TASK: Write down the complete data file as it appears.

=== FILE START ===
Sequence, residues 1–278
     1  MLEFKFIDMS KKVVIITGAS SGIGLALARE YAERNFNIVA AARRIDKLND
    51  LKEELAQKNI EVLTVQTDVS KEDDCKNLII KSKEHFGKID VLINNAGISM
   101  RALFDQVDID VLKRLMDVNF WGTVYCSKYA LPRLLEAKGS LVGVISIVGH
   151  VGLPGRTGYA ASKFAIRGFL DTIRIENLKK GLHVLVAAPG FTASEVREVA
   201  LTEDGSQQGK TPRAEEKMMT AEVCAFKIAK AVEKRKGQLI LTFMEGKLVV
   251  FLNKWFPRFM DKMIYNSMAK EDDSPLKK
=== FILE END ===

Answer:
Sequence, residues 1–278
     1  MLEFKFIDMS KKVVIITGAS SGIGLALARE YAERNFNIVA AARRIDKLND
    51  LKEELAQKNI EVLTVQTDVS KEDDCKNLII KSKEHFGKID VLINNAGISM
   101  RALFDQVDID VLKRLMDVNF WGTVYCSKYA LPRLLEAKGS LVGVISIVGH
   151  VGLPGRTGYA ASKFAIRGFL DTIRIENLKK GLHVLVAAPG FTASEVREVA
   201  LTEDGSQQGK TPRAEEKMMT AEVCAFKIAK AVEKRKGQLI LTFMEGKLVV
   251  FLNKWFPRFM DKMIYNSMAK EDDSPLKK